“Recently pure cultures of lactic acid bacteria, especially of the B. bulgaricus, have been recommended for reducing and curing abscesses, catarrh and other troubles caused by pyogenic bacteria. The principle involved is the antagonism of lactic acid bacteria to pyogenic bacteria, the acid produced by the former inhibiting the latter. This theory is attractive, but the evidence in its favor is, as yet at least, meager and unscientific, because of the absence of control observations. “

Again the emphasis upon relying on carefully controlled trials before embarking on therapeutic interventions. Going from diarrhea to abscesses and cararrh (snot from an ENT inflammation) is not reasonable as they have different etiologies.   If a single intervention of an unproven therapy can affect three diseases of widely varying pathophysiology and etiology, be wary as to its validity, in 1909 or 2009. In medicine, treatments of everything are usually treatments of nothing.

The importance of reproducibility from a variety of lines of evidence is then mentioned.

“More evidence and that, too, of varied nature is required before reliable conclusions can be drawn.”

Do not rely on a single study to make a decision if you can.  Like evolution or relativity, the validity of medical therapies should be verified from reproduced,  multiple independent sources of evidence.  All too often in alternative medicines the story is one of increasingly well done studies with decreasing efficacy until the best studies demonstrate no effect, but a continued reliance of earlier, poorer quality, studies to validate the intervention.

He then mentions the importance of using standard preparations of know potency.  Always an issue in the herbal world, where variability from lot to lot makes it impossible to know the ingredients and concentrations what you are taking.

“When possible, it is better to obtain pure cultures from reliable laboratories where frequent transfers are made so that the purity and activity of the organisms are preserved. “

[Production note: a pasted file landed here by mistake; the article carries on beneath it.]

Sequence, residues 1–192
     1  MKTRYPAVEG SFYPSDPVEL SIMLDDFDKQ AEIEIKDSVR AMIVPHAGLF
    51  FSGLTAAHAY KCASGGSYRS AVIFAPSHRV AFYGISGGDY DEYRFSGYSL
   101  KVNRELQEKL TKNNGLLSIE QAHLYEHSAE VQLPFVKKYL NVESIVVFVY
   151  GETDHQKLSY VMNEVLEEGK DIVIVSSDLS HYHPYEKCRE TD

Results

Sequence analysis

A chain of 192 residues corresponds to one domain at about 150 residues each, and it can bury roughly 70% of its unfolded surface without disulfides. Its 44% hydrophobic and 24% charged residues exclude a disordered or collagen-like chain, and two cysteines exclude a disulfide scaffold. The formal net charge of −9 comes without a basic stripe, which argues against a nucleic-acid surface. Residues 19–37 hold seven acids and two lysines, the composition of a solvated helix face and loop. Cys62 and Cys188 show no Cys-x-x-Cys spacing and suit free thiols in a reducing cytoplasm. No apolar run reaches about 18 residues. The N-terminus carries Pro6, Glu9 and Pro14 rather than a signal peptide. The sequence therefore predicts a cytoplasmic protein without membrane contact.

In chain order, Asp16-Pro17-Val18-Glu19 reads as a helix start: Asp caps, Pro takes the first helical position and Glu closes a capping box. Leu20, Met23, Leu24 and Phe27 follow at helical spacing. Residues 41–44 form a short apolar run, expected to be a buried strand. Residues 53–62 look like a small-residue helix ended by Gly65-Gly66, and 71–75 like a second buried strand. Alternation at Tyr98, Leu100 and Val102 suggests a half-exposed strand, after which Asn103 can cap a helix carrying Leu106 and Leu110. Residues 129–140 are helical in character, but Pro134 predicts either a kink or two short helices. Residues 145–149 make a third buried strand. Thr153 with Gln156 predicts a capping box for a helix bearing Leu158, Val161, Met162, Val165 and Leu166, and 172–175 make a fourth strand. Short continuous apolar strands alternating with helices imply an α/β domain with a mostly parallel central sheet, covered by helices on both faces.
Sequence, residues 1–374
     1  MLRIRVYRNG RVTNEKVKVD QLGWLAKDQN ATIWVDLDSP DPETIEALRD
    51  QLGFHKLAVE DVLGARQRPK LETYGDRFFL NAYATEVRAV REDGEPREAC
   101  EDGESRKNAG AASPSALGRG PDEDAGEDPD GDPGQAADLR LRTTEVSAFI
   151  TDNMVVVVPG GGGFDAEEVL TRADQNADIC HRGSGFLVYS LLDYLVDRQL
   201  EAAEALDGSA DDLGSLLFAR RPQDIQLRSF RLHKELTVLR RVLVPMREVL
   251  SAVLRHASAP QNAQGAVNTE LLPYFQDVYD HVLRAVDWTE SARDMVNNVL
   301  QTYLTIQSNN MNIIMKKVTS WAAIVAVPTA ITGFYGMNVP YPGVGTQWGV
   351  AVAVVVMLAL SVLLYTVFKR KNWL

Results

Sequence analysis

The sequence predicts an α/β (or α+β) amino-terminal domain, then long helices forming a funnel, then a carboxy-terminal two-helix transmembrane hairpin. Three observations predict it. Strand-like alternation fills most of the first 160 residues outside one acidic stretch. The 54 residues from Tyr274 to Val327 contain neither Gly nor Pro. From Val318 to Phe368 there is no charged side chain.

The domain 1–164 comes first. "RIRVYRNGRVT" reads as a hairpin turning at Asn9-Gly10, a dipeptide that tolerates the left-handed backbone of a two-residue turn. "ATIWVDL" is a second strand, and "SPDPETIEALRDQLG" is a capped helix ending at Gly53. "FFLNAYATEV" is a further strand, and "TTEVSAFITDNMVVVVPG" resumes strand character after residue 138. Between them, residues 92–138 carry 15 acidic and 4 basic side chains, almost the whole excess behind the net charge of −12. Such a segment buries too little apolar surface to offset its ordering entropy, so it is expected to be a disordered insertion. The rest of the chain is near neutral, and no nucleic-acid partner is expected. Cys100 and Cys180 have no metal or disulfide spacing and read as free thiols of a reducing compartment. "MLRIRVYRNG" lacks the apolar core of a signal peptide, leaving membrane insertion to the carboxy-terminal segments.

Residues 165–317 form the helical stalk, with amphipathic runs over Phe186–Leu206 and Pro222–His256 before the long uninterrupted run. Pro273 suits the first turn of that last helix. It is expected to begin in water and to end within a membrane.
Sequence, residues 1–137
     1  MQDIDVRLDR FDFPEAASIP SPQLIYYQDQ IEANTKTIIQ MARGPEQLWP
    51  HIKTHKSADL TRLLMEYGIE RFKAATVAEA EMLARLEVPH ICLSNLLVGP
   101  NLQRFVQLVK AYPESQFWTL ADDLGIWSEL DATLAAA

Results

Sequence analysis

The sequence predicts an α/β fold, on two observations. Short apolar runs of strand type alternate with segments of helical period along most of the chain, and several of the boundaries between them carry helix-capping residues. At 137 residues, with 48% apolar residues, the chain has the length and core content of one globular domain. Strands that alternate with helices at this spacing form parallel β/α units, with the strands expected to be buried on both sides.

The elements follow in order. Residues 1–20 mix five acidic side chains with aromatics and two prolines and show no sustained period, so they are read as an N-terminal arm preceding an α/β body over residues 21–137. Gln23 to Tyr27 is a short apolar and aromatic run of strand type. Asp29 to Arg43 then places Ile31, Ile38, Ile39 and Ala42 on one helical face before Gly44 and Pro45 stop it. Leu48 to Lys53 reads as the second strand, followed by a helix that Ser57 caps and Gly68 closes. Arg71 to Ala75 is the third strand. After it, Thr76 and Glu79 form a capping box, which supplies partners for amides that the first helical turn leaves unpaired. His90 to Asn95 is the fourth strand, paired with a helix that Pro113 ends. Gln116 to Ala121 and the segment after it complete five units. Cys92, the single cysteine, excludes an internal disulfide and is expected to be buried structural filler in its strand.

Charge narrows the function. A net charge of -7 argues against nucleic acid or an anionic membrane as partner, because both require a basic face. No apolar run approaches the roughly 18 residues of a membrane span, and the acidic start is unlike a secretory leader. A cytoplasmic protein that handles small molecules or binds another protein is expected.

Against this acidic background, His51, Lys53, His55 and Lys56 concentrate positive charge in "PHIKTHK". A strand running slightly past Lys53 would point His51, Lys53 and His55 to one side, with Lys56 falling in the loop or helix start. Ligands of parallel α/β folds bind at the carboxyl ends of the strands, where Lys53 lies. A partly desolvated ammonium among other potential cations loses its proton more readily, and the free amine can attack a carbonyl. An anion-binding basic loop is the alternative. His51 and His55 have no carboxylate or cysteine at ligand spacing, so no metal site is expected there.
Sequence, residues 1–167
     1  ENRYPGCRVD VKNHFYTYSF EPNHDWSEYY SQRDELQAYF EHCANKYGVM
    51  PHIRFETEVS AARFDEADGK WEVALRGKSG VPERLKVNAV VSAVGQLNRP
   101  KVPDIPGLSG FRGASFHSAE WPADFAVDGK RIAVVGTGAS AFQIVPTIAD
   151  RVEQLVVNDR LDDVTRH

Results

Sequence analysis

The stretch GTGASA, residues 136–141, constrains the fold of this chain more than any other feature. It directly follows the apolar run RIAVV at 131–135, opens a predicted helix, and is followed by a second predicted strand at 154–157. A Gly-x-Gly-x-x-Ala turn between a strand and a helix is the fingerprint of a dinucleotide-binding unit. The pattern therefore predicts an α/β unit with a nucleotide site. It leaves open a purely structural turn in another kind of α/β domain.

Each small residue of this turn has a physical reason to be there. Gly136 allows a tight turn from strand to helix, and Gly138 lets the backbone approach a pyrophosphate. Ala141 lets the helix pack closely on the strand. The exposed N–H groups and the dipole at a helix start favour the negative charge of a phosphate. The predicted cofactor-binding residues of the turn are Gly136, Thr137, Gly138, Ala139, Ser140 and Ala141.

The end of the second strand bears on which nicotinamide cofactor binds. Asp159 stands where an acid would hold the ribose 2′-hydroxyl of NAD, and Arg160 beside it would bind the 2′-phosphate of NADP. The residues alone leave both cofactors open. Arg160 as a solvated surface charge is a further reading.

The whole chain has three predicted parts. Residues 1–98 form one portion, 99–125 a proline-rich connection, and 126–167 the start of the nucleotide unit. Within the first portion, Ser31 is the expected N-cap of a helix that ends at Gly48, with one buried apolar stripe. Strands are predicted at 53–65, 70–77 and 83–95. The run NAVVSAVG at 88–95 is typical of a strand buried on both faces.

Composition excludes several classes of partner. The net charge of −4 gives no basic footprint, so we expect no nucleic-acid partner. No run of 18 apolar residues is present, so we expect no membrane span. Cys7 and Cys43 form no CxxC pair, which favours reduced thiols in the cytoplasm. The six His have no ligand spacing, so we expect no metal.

Buttermilk is no longer used as a natural cure, although a google will find the occasional suggestion it be used to gastrointestinal diseases.

The name of the author is not mentioned, whether because it was not known or because he wished to remain unknown. Perhaps the name Orac was already taken? But he could have been a blogger on SBM.

“Those who cannot remember the past are condemned to repeat it.”
George Santayana

“And those who do remember it are going repeat it anyway.”
Crislip’s addendum

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References

(1) http://books.google.com/books?id=dPEAAAAAYAAJ&pg=PA432&lpg=PA432&dq=Massol+buttermilk&source=bl&ots=j42Lli9FEy&sig=5PeWL9CL3Itd0w5eYBr_Kc5JrKI&hl=en&ei=j4lsSszRMI-eswOyzqmXBQ&sa=X&oi=book_result&ct=result&resnum=6

(2) http://www.bmj.com/cgi/content/full/335/7615/340?view=long&pmid=17690340

(3) http://books.google.com/books?id=yyre1C1wceoC&pg=PA185&lpg=PA185&dq=Cohendy+sour+milk&source=bl&ots=ac4WuszPBi&sig=8ieAQ0FqXX-opZOUlKt5Q4OXeD8&hl=en&ei=YpRsStnzBojCsQOksaWWBQ&sa=X&oi=book_result&ct=result&resnum=1

(4) http://en.wikipedia.org/wiki/Peter_Principle

Posted in: General, History, Science and Medicine

Leave a Comment (4) ↓

4 thoughts on “Plus ça change, plus c’est la même chose

  1. Nice post. The Santayana quote is fitting. Plus, I keep having this thought come up in my mind whenever I come across great posts like this one, or like this, from the LastPsychiatrist:
    http://thelastpsychiatrist.com/2009/05/ramachandrans_mirror.html

    http://thelastpsychiatrist.com/2008/11/how_to_treat_vertigo.html